Smash the head of garlic with your palm to open it up. Crush each clove with the side of a large knife and remove the skin, which will come off easily.

Roasting:
Pour some oil at the bottom of an oven dish large enough to fit all the pieces of chicken with space to spare. *The pieces should not be too crowded or the skin wil not become crispy.* Scatter all the vegetables at the bottom of the pan, toss with a little oil, and roast in the oven for about 15 minutes.

Coat the chicken legs with sesame sauce.

Once the vegetables have been roasting for about 15 minutes, add the chicken legs to the pan and season everything with a few hits each of light soy sauce, tamari, and rice vinegar.

Roast the chicken for 40 to 45 minutes, basting occasionally with the juice, until brown and crispy on the outside and fully cooked (i.e. juices run clear) inside.

If possible, let the chicken sit for a few minutes. Serve with rice.

Creamy spiced lentil soup

8 November 2018

Balthasar and I bonded over soup.

It was an inset day, which means no school, and after a sunny autumnal swim in the nearby lido — outdoor swimming pool in British lingo, in this case heated year-round to a luxurious 25°C — we went to reap our effort’s reward: e5 Bakehouse. Breakfast was over, we shared a spicy lentil soup with mustard seeds (and cake, but it was the soup that caught our attention). We vowed to recreate it, paying particular heed to the mustard, and, in an emphatic move against Thomas’s tyranny of chunky soups, solemnly swore to blitz it to a creamy smoothness.

It was practically a random recreation, with the available bits and pieces in the fridge. It was practically perfect.

Creamy spiced lentil soup

4 to 5 small onions
1 whole head of garlic
1 tsp brown mustard seeds
1 tsp cumin seeds
1 tsp fennel seeds
1 tsp ground turmeric
Sea salt
3 leeks
5 or 6 carrots
1 kg potatoes
3/4 of a large acorn squash
1 litre chicken or vegetable stock — or just water
175 g red lentils
A large handful of kale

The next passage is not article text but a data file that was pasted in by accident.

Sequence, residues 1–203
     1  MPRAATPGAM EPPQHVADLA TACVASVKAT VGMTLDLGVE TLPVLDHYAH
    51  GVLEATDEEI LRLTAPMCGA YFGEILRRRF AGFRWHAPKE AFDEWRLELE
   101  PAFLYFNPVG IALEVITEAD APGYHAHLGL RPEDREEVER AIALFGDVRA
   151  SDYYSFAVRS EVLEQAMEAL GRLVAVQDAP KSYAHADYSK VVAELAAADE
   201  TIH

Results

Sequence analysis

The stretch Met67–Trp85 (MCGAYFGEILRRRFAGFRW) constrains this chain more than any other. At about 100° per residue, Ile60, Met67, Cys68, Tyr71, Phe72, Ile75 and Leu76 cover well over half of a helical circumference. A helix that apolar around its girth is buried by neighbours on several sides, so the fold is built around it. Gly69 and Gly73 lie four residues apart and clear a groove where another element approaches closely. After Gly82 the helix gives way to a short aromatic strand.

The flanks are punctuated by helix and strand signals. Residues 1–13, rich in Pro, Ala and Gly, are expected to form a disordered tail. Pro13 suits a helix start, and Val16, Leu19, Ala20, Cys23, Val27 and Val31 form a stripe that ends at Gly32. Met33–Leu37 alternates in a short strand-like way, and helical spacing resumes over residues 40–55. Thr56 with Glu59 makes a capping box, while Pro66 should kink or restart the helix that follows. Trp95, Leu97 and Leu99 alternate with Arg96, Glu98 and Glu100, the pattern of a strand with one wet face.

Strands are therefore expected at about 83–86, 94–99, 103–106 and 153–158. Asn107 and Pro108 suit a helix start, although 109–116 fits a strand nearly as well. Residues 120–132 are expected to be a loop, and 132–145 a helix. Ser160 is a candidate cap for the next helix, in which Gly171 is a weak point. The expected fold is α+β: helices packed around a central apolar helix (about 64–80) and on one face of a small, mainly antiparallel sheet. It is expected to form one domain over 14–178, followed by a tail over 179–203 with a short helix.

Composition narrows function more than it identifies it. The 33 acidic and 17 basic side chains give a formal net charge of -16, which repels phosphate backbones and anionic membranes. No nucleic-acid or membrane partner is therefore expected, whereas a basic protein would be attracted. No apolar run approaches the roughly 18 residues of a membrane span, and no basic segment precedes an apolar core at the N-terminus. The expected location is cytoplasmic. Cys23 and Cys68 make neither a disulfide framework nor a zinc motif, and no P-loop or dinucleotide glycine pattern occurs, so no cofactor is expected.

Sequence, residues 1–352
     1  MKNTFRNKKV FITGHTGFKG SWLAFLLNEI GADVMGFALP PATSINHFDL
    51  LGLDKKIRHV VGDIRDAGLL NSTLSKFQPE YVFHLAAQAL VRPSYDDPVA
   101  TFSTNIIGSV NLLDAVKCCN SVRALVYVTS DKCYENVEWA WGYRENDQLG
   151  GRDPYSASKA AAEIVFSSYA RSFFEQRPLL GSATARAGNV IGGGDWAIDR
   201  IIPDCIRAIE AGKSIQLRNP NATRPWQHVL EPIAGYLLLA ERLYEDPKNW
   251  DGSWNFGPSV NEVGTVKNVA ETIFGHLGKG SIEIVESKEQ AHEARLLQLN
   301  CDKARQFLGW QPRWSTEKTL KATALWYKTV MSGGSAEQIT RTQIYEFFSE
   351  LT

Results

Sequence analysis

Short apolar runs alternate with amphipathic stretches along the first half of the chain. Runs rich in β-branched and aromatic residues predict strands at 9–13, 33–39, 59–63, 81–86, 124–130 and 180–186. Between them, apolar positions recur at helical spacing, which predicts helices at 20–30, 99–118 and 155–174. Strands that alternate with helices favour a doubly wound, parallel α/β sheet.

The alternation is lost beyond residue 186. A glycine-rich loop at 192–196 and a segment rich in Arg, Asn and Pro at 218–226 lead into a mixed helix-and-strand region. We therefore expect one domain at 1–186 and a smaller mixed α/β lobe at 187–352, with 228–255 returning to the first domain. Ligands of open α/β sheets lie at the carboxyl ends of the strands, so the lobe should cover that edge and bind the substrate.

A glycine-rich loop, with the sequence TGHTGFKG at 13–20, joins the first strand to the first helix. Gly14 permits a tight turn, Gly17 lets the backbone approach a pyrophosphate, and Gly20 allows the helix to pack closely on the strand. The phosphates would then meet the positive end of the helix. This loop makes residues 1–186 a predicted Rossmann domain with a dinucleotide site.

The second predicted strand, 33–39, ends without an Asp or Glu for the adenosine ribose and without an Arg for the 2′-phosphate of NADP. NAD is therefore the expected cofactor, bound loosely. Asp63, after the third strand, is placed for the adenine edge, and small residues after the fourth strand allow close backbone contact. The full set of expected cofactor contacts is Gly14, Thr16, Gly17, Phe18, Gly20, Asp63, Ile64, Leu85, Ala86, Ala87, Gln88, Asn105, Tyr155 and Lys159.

Finishing touches: yogurt mixed with toasted ground cumin and fennel and lemon juice; a sliver of olive oil or chili infused oil; if available, black lava salt

Toast the mustard, cumin, and fennel seeds in a small pan until they start becoming fragrant (this takes a few minutes only). Grind and set aside.

Prepare the vegetables —
Chop the onions.
Smash and peel the garlic.
Peel, thoroughly wash to remove all grit, and chop the leeks.
Peel and chop the carrots.
Peel and wash the potatoes and the acorn squash and cut them into small chunks.
Remove the kale’s tough stalks, wash thoroughly, and chop into strips.
Note: The size of the vegetable chunks is not crucial as the soup will be puréed, but the pieces should be fairlyhomogeneous in order to cook at a similar rate, and — if time is of the essence — the smaller or finer the pieces, the faster they will cook.

Cook the soup —
Brown the onions in lots of olive oil. Add the garlic and spices and cook, stirring continuously, for a few minutes. Season with salt.

Add the leeks, cover the pan, and let them cook for a few minutes. Add the carrots, potatoes, and squash. Season.

Add the stock and/or water so that the vegetables are covered generously and floating around comfortably when stirred.

After about half an hour of a gentle and constant simmer, add the lentils. Cook for another 15 to 20 minutes, checking on the level of liquid and adding some if necessary.

Check that the vegetables and lentils are cooked through, then add the kale and cook for about 5 to 10 minutes more until it has softened too.

Blend/purée the soup in batches until very smooth.

Serve immediately with one or all of the finishing touches.

Illustrious plum torte

6 October 2018

I buy plums because how can I not, in the momentary season that will soon give way to an endless monotonous expanse of apples and pears?

Five days later they are still on the kitchen counter and, miraculously, apparently intact, without the dispiriting tinge of fermentation that has all too often come to taunt me with an accusatory waft of neglect.

It is high time to use them up, and I am hesitating between jams and quick compotes, just as a friend writes to say she is coming to London and can she stay with us. Of course, as always. And so it will be cake.

I could have made either of the ones already on these pages (here and here), but my attention is turned elsewhere. I want to bake Marian Burros’ illustrious plum torte, which I’ve heard about and read about for years and decades, but, just as those impulsively purchased plums, neglected too often, too long.

The recipe* was first published in the New York Times in 1983, and every fall thereafter, during peak plum season, for the next twelve years. When they decided to stop publishing it, with the last printing in extra large type ‘with a broken line border to encourage clipping,’ the paper was nonetheless assailed by angry letters. It is said to be the most requested and most often published recipe in the newspaper’s archives, and is usually described as famous, iconic, one of the newspaper’s most popular recipes.